Broken LCD TV Turned Into A Light Table

[Steve DiRaddo] sent us this sweet little mod. After obtaining a free LCD TV that had a cracked screen, [steve] immediately tore it open to re purpose it. The end result was a computer controlled light table with audio. From what he says, it is very very bright due to the fact that it has 16 CFL tubes behind it as opposed to the usual 2 inside a PC monitor. The TV had a bult in RS232 command port. Whith some quick hacking, he was able to control power, channel, input, and volume via his laptop.

24 thoughts on “Broken LCD TV Turned Into A Light Table

  1. “I’d like to be able to feed several audio inputs into the thing and be able to select which one I want. Too bad for me, if there isnt a legit video signal entering that input, it ignores it completely. The TV will only switch to an input with an active video signal. A quick and dirty way to fix this is to take a single composite cable and plug one end into ‘Monitor Out’, and the other into the video input of your choice. This is called video feedback. It works though. If the screen was still working we’d see some really weird shit. Luckily, we aren’t exactly going to be needing good video for our purpose.”

    You can also just solder a 75ohm resistor across an RCA plug to make a terminator, and plug it into the video input. This did the trick on my TV.

    1. I use a light table every day as do nearly all of the artists in the tattoo industry for tracing line drawings for stencils they’re not only used for film also make great soft boxes for photographing finished tattoos to display in our portfolios because they don’t create nearly as muck glare on the fresh tattoo as normal florescent lighting does and way less than a camera flash would.

  2. I have a traditional light table and I use it all the time. I still do a lot of analog art (not photography) and it’s always useful. If nothing else, it’s really cool to have a nice piece of glass to cut things on. Mine has two layers – one of frosted plexiglass, and a top layer of tempered glass. I’ve also used mine for photo-exposing silk screens. Controlling the exposure time with a computer would be super cool.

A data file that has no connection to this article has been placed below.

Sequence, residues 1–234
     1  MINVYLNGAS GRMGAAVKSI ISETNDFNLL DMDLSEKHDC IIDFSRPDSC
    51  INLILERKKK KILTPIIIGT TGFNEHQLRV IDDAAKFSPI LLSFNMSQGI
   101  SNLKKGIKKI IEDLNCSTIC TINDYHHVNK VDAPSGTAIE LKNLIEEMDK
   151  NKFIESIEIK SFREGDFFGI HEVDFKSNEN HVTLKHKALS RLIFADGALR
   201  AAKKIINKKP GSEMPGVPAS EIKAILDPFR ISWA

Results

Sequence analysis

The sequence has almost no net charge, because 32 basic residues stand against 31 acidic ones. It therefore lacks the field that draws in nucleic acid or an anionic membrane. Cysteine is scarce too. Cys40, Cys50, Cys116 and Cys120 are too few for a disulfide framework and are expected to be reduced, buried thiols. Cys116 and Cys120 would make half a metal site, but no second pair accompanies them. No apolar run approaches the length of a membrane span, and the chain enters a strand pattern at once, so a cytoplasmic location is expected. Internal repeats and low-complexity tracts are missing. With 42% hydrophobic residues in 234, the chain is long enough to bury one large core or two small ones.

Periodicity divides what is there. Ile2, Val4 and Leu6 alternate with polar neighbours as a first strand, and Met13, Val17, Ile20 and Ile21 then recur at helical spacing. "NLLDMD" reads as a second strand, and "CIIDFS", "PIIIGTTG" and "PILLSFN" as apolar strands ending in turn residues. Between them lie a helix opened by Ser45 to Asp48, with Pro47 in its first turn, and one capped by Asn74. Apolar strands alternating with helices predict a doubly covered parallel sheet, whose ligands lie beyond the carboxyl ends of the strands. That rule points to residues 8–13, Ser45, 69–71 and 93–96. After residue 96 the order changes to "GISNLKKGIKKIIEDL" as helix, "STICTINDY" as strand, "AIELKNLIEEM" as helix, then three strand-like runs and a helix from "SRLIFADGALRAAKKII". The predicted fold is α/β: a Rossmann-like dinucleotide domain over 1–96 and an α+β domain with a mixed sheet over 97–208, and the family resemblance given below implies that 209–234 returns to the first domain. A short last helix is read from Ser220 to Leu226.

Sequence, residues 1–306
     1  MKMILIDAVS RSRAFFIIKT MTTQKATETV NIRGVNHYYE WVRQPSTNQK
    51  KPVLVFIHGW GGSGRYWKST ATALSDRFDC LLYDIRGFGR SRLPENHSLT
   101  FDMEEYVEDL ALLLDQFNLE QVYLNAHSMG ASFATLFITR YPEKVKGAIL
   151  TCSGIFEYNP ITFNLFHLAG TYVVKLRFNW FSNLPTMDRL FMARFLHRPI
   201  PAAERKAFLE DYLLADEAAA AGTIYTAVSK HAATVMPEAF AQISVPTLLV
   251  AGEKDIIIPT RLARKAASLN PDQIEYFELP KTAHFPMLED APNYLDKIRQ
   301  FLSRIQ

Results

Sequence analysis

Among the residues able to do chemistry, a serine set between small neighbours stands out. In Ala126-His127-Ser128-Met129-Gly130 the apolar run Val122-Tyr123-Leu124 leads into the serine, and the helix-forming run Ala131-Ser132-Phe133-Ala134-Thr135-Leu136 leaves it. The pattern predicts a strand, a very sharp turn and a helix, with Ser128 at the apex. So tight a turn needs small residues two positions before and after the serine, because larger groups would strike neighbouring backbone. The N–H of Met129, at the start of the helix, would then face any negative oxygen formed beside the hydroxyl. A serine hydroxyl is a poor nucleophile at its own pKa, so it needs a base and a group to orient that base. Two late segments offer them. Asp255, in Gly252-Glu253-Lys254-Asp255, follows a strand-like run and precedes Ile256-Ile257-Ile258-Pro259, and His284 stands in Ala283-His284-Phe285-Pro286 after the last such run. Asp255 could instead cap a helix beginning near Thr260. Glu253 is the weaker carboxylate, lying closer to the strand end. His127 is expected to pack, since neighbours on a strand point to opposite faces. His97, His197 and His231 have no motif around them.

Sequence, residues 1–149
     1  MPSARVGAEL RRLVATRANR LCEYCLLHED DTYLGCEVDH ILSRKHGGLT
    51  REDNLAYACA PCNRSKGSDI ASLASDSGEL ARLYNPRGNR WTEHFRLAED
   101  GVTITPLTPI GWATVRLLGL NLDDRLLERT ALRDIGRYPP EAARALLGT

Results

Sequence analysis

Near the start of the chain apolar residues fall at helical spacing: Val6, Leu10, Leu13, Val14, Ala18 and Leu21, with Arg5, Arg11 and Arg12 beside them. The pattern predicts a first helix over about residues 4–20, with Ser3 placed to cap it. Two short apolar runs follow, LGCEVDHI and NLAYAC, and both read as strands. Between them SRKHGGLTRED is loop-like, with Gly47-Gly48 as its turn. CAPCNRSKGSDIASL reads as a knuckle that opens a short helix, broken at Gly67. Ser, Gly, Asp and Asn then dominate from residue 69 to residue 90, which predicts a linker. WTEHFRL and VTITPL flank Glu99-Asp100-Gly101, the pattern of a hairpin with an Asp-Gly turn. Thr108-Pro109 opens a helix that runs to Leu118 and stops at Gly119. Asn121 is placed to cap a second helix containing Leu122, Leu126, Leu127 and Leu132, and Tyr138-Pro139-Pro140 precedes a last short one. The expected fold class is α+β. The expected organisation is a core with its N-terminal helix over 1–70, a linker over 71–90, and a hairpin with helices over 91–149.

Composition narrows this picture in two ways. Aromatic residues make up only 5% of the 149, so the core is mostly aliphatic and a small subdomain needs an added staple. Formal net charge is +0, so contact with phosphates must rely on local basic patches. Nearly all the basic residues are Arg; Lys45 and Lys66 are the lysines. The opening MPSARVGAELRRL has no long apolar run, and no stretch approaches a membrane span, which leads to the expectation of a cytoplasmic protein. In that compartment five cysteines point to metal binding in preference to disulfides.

3. This is not very effective for serious transparency (slide) review. Real light tables produce actual white light. Use a loupe to look at the “white” screen on the monitor and you will see the readily apparent components of the additive (RGB) color system rather than the white you expected.

  4. I’ve just tried this with a broken LCD. After LCD screen removal, the remaining light panel is very interesting: portable lighting system for photography/video, or may be flat light on the wall or ceiling…

    On mine, there’s a light diffusing plastic sheet on top of lighting panel, but once LCD panel removed, nothing keeps it in place anymore. So i’ve tried to dismantle the LCD panel itself hoping i could reuse the plastic screen.

    On one side, there was an adhesive sheet of dark plastic, and just under the broken glass. Once removed, the remaining part cleaned of the liquid cristal, i’ve realized it is in reality a polarising filter and could be usefull also! But in the other hand, it is a little dark, so it reduces the amount of light going through. I think i could remove another adhesive sheet of plastic on the other side but i prefer to keep the polarising filter as is.

    After this process, i was wondering if liquid cristal could be toxic. I should have think about this before dismantling the LCD glass panel :-< Does anybody know?

  5. My work donated a busted screen 32″ Apex Digital HDTV to me, but needed to keep the working power supply board and controller board for other projects. With just the inverter board and screen, is it possible to supply power enough for the backlight to craft into a light table?

  6. hey all good itea amd im using a lcd monitor as a light table the only thing is i have to keep it plugged in to my computer and extend desktop to keep backlight on.
    the lcd is broken and only backlight works.

    i would like to figure out what to do to keep backlight on, i’m an electronics amateur, i know a little but dont want anything to involved.

    have tried resistors across vga imputs, looked up pinout and other sites but cant seem to figure out how to keep it on short of plugging into computer and making active monitor.


  7. @ daniel w That’s exactly what I am trying to do as well and usually end up getting to about ***HERE*** using various avenues of research. No one has been able to help me power up an LCD from a laptop without using the accompanying computer.

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